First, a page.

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I looked into:

as well as:

but neither does exactly what I want.


The first link translates only the source code (.vb) and does a good job at it. I also need to convert the project.

The second link ... #develop does not handle .Net 4.0 projects.

So, that is why I said that neither does exactly what I want.

share|improve this question
We don't know what you want either. – Hans Passant May 24 '10 at 21:01
Really? 2 votes to close? Why? – Hamish Grubijan May 24 '10 at 21:04
I don't know of any automated type of tool. How big is your project? – Matt Dawdy May 24 '10 at 21:06
It has 4 files, 400 lines of code total + app.config file with VB.Net specific stuff as well as the project file itself. It is the only VB.Net project alongside other 20 C# projects and it is an eyesore ... just the fact that it shows errors after clean bothers me. And as always, the guy who wrote this some time ago left ... and it compiles into a mission-critical .exe I do not like depend on mess like that. – Hamish Grubijan May 24 '10 at 21:11
With only 400 lines of code, I'd probably just try to rewrite it. Using the first tool you linked to would get you probably 50% of the way there, and the only difficult part would be the app.config stuff. The project file would probably be simplistic to create since it most likely just references the other 4 code files. Is there another reason you haven't just rewritten it yet? – Matt Dawdy May 24 '10 at 21:17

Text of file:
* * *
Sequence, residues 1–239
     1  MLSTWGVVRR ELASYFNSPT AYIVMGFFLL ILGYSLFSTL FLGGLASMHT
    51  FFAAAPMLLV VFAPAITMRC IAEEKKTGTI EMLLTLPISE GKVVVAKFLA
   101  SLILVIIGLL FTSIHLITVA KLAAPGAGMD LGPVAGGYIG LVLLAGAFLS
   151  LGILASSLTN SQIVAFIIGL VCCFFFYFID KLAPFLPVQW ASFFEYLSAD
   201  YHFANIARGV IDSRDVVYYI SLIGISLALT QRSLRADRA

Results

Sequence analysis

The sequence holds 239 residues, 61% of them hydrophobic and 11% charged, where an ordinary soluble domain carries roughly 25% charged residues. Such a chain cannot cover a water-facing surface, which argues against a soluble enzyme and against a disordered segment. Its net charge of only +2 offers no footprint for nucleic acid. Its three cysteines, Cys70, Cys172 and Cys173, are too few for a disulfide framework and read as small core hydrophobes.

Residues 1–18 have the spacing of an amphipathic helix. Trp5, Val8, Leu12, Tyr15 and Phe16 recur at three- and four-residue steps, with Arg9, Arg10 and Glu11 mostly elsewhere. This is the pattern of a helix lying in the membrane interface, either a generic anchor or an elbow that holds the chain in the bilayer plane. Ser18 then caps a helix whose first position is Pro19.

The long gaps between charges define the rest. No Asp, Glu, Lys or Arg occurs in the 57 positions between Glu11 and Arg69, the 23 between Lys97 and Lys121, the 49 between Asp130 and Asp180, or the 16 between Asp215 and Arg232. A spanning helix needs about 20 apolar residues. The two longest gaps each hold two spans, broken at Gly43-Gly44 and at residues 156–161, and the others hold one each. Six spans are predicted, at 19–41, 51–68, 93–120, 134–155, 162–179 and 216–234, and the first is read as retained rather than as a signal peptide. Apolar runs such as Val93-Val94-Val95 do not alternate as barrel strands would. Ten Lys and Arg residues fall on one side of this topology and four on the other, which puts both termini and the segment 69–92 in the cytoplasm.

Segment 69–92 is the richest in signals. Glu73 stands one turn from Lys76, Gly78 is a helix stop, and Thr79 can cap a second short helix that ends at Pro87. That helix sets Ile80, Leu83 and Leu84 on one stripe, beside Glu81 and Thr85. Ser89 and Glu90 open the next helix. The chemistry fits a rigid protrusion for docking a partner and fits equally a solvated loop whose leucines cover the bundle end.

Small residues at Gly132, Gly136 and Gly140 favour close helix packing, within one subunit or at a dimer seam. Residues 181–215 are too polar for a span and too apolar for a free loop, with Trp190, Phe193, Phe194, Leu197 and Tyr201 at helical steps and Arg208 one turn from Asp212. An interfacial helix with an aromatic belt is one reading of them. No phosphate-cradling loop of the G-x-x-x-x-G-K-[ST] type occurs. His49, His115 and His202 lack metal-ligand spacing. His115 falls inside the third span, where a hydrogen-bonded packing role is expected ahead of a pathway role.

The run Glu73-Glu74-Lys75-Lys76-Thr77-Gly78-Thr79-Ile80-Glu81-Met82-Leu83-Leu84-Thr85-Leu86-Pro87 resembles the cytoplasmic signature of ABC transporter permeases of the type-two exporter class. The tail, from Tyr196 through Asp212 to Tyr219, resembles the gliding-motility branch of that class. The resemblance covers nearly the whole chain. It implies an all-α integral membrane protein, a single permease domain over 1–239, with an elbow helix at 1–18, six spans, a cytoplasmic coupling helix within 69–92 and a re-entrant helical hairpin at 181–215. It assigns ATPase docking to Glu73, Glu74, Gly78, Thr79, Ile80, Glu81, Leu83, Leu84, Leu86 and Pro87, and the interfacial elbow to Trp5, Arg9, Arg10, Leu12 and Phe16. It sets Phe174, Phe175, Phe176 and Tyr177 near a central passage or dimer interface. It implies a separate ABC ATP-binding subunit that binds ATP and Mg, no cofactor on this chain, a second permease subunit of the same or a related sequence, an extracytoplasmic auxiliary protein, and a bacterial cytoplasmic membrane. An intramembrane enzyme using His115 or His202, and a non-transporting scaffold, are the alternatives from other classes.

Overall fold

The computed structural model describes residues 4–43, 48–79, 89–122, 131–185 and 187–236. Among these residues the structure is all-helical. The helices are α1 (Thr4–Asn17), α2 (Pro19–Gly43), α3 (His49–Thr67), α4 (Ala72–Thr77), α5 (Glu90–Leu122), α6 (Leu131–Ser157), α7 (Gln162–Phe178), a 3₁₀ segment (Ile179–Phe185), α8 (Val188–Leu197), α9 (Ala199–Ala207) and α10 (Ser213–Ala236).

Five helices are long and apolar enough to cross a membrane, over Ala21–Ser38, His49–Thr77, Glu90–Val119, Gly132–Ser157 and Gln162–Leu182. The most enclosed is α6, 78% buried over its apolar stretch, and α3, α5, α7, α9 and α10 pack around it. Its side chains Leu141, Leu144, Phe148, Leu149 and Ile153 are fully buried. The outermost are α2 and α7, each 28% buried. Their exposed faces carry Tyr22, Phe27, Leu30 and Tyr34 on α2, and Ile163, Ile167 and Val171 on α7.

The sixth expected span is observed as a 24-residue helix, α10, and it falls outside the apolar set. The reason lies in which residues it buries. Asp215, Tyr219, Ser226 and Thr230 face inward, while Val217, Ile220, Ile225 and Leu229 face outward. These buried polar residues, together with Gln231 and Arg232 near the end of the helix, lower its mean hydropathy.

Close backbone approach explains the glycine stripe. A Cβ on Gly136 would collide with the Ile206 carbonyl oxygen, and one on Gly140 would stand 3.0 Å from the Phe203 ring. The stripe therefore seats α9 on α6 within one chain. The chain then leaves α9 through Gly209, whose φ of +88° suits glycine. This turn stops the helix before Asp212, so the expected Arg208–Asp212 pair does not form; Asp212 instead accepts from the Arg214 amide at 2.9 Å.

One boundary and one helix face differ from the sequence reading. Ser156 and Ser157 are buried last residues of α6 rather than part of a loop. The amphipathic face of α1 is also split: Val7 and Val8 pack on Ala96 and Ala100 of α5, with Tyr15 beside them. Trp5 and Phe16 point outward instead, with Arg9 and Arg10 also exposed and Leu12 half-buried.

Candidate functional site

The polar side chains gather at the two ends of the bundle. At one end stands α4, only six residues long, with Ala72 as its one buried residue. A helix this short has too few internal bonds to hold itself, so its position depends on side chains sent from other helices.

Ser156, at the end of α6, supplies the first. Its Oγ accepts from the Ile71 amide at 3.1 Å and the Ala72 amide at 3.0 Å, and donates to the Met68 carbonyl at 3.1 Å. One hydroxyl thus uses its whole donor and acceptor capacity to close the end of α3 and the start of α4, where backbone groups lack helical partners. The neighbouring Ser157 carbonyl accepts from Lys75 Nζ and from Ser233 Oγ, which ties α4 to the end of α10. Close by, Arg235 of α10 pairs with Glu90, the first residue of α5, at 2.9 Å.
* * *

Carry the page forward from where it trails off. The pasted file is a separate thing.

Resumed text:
1 Answer 1

up vote 1 down vote accepted

Hamish -- I'm pulling out of the comment stream to answer the question directly. There doesn't seem to be a magic program, unfortunately. But the good news for you is that it is a relatively small program (400 lines of code in only 4 files).

So, if it were me, I would

  1. start a new C# project,
  2. add the 4 class files that you have,
  3. run them each through the VB->c# translator you linked to originally,
  4. dump the VB logging stuff and add in log4net
  5. turn the Windows Scripting stuff from VB into C# (I think your problem with this is that the translator above is flipping out on the types of WindowsScripting Host stuff)
  6. Compile and test.

With luck, this will take you a couple of hours. With bad luck, it depends on what the project actually does and that will determine how long.

I wish you good luck.

If you decide to go this route, be liberal about commenting out huge parts of code and compiling and working on eliminating compiling errors first. I'll try to keep an eye out to help you with any other specific questions that I see come across the front page.

share|improve this answer
Thankl you, Matt. You can also scan the SO "mailbox" to check for any relevant comments. – Hamish Grubijan May 25 '10 at 18:31

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